Good morning. It is monday. My day off from riding and my day in the office. The middle of April now, many of our winter friends have gone back north and we are starting to make preparations to move north to Massachusetts in a couple of weeks. I am also deep in preparations for our Conrad Schumacher clinic May 3-5, looking forward to see our region 8 junior and young riders as they make their preparations for the coming season. :)
Our show over the weekend was a great success. I am so proud of Ariel and her first Brentina Cup qualifier. The test had a beautiful rhythm. All of her movements well planned and accurate. Some interference from the pigeons put a damper on the score, however Ariel clearly showed her confidence and focus is building by staying in the moment and riding the next movement in the best possible way. We are so lucky to have Sax in our lives and I am excited to see them build there partnership in the Grand Prix arena after having such a fantastic season at Inter 1.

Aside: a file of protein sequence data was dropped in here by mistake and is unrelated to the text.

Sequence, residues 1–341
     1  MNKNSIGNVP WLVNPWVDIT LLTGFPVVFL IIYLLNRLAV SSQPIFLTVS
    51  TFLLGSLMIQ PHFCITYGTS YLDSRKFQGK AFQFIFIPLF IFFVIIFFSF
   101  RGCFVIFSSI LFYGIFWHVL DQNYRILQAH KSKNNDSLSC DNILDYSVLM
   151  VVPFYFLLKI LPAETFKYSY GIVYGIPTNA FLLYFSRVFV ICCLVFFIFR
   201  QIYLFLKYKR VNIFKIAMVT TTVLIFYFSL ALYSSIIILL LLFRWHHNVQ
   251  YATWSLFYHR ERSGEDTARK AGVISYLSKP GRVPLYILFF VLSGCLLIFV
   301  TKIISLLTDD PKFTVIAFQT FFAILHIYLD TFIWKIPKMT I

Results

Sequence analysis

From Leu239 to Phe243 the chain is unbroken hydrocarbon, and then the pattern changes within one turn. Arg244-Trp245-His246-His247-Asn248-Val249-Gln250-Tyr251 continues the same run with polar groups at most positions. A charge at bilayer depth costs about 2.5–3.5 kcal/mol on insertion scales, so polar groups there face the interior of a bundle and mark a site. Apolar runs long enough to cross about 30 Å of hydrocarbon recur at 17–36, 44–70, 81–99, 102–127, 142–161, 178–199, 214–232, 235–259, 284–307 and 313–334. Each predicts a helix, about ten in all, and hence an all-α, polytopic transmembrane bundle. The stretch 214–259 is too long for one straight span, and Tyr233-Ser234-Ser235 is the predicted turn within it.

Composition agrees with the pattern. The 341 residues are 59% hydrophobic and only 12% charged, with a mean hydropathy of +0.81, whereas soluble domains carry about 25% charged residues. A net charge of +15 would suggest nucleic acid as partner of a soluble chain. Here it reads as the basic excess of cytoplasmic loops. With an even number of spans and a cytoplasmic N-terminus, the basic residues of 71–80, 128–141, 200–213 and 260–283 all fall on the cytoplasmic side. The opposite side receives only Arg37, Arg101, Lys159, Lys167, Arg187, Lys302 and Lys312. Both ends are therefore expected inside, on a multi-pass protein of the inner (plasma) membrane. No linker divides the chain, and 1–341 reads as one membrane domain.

Chanett and Cipriana had their first show and were fantastic :) Chanett was super to give Cici the confidence she needed to work in a new place. The judges rewarded their efforts with 71% and 69% in training level. The whole experience was a big success for Cici. Wonderful to watch!
Dhoppler had his first real outing and he did not dissappoint us. His work ethic and concentration have improved so much in the past months. He is a joy to work with and this carries right into the show ring. I was very excited about both of his performances. The first day I could have been a bit more proactive so a 64% gave me a kick in the butt to get a bit more out of my willing partner. The second day 67% was more on track with where we are, and still alot of room to grow :)